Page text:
Film: Special Screenings
  • FILM


  • The Adventures of Priscilla, Queen of the Desert

    The Adventures of Priscilla, Queen of the Desert (1994)

    Rated R, 102 min. Directed by Stephan Elliott. Starring Terence Stamp, Hugo Weaving, Guy Pearce, Bill Hunter and Sarah Chadwick.

    Drag at the Drive-in: A trio of “showgirls” – two drag queens and one transgender – venture out of tolerant, big-city Sydney and into the wilds of central Australia. Live drag performances begin at 8pm. Read a full review of The Adventures of Priscilla, Queen of the Desert.

    8:45PM Blue Starlite Drive-In at Austin Studios, 1901 E. 51st, 512/850-6127

  • Bordertown (2015)

    Bordertown is an upcoming animated sitcom executive-produced by Seth McFarlane. Lalo Alcaraz, a Bordertown writer and political cartoonist and creator of the comic strip La Cucaracha, will be in attendance for a Q&A. Earlier in the day, at 3pm, Alcaraz will conduct a Cartooning Workshop (open to those 13 and older), followed by a screening of Bordertown at 4pm. Sign-up by calling 512/974-3785. La Cucaracha, writer at Bordertown

    7PM Mexican American Cultural Center, 600 River

  • How to Train Your Dragon 2

    How to Train Your Dragon 2 (2014)

    Rated PG, 102 min. Directed by Dean DeBlois.

    10AM Alamo Drafthouse Lakeline, 14028 U.S. 183 N., 512/861-7070

  • Kung Fu Panda 2

    Kung Fu Panda 2 (2011)

    Rated PG, 90 min. Directed by Jennifer Yuh.

    10AM Alamo Drafthouse Village, 2700 W. Anderson, 512/459-7090

  • The Parent Trap

    The Parent Trap (1961)

    Not rated, 124 min. Directed by David Swift. Starring Hayley Mills, Maureen O'Hara, Brian Keith and Leo G. Carroll.

    Alamo Kids Camp $1.

    10AM Alamo Drafthouse South Lamar, 1120 S. Lamar, 512/383-8309

  • Sesame Street Presents: Follow That Bird (1985)

    Rated G, 88 min. Directed by Ken Kwapis.

    Alamo Kids Camp $1.

    9:45AM Alamo Drafthouse Slaughter Lane, 5701 W. Slaughter Ln., 512/476-1320

  • 1800 N. Congress, 512/936-4629

  • Dark Universe (2015)

    Not rated, 25 min. Directed by Carter Emmart. Narrated by Neil deGrasse Tyson.

    Explore the universe with Neil deGrasse Tyson and the American Museum of Natural History.

  • Humpback Whales 3D (2015)

    Not rated, 49 min. Directed by Greg MacGillivray. Narrated by Ewan McGregor.

  • Living in the Age of Airplanes (2015)

    Not rated, 47 min. Directed by Brian J. Terwilliger. Narrated by Harrison Ford.

  • Mission: Impossible – Rogue Nation

    Mission: Impossible – Rogue Nation (2015)

    Rated PG-13, 131 min. Directed by Christopher McQuarrie. Starring Tom Cruise, Simon Pegg, Jeremy Renner, Rebecca Ferguson, Ving Rhames, Alec Baldwin and Sean Harris.

    While the subtitle to this latest entry in the Mission: Impossible series may be better suited to a Keith Urban song or a right-wing talk show, Rogue Nation actually refers to the Syndicate, a shadowy organization hinted at near the end of 2011’s Mission: Impossible – Ghost Protocol. IMF (that’s Impossible Mission Force, not International Monetary Fund) leader Ethan Hunt (Cruise) believes this organization is behind a number of disparate international incidents set to destabilize global geopolitics, from vanishing airplanes and financial crises to military coups in third-world countries. Back for the assist are field agents Benji Dunn (Pegg), William Brandt (Renner), and series stalwart Luther Stickell (Rhames). Joining them in this go-round is Rebecca Ferguson (The White Queen) as a British intelligence agent with the dubious moniker of Ilsa Faust. Chases ensue. Plots are twisted. Impossibilities become, well, possible.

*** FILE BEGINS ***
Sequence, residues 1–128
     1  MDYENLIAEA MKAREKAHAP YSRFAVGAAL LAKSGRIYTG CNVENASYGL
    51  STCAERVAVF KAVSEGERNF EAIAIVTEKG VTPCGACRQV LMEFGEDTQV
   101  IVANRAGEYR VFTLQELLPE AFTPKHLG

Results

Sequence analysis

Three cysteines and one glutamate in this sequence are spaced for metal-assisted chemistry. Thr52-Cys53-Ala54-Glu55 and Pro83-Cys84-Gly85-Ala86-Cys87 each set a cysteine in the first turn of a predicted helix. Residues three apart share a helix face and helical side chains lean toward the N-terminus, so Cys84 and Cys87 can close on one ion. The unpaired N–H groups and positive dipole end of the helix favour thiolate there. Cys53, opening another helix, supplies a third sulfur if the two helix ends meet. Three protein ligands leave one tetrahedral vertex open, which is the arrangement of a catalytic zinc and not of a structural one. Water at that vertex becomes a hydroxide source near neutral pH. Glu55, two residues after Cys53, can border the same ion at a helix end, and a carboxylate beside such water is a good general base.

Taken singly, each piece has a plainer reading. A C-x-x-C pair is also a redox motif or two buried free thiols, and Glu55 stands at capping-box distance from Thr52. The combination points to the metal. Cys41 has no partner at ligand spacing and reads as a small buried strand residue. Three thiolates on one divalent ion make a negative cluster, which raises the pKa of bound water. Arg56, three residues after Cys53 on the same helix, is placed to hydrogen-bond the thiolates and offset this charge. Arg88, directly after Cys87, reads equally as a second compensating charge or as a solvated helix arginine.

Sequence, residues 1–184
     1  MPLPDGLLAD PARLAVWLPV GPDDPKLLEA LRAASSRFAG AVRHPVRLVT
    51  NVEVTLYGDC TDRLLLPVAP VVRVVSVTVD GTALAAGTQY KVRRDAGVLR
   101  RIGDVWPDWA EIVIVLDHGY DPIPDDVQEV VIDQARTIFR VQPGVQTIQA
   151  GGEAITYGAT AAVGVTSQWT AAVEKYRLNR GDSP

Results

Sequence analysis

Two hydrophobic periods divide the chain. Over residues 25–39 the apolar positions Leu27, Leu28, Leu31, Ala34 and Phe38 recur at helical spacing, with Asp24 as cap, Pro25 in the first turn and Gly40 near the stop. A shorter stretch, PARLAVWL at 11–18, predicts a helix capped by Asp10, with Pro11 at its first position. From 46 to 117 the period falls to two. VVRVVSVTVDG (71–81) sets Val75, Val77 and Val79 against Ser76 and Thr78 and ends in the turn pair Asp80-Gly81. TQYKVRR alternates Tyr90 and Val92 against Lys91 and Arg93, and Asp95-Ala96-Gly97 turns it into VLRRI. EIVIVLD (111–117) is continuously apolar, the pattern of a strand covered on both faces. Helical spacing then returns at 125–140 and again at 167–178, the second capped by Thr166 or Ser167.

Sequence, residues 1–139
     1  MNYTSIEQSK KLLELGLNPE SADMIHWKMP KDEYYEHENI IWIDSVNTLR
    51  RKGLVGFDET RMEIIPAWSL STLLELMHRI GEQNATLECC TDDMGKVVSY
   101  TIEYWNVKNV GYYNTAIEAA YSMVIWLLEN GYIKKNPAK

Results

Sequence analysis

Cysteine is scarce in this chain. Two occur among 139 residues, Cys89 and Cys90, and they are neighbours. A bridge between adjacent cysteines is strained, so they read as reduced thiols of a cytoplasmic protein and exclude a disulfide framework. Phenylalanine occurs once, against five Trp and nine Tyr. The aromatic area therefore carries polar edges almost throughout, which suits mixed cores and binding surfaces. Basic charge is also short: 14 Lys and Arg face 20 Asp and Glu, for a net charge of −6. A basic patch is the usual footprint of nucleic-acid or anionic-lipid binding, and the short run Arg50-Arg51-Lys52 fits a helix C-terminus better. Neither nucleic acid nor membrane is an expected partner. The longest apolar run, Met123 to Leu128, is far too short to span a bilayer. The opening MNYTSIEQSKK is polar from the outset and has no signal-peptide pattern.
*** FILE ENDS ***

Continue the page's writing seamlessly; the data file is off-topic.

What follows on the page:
The pleasures derived from this film franchise are twofold. On the one hand, there is the intrigue of espionage, the parlor game of who exactly is zooming whom, of misdirection and mask-revealing reversals. On the other hand, there are the intricate set-pieces that rely on a series of calculations and circumstances that must unfold just so, high-wire acts that invariably go wrong and cause the audience to gasp as Hunt and his operatives must make split-second decisions to save the day. But beyond that, McQuarrie infuses the story with some existential weariness on the part of Cruise’s character, but not too much (this is an action film after all, not a John Le Carré novel). And while some of those action sequences feel a bit well-worn (Chases with motorcycles! A facility inadvertently designed for stealth infiltration!), there are wonderfully choreographed scenes, notably the in medias res opening mission (that’s Cruise hanging on the side of a plane from the trailer), and a rousingly tense trip to the Vienna Opera House. Ferguson’s Ilsa is a step up from the usual female characters in the franchise, having actual agency and not having to navigate a forced romance with the 53-year-old lead. Overall, Rogue Nation is a solid, mildly subversive entry into the series that will have you humming Lalo Schifrin’s indelible theme music for the rest of the week, but probably not lingering over the finer points of the plot. Accept the mission and pass the popcorn.

    Read a full review of Mission: Impossible – Rogue Nation.

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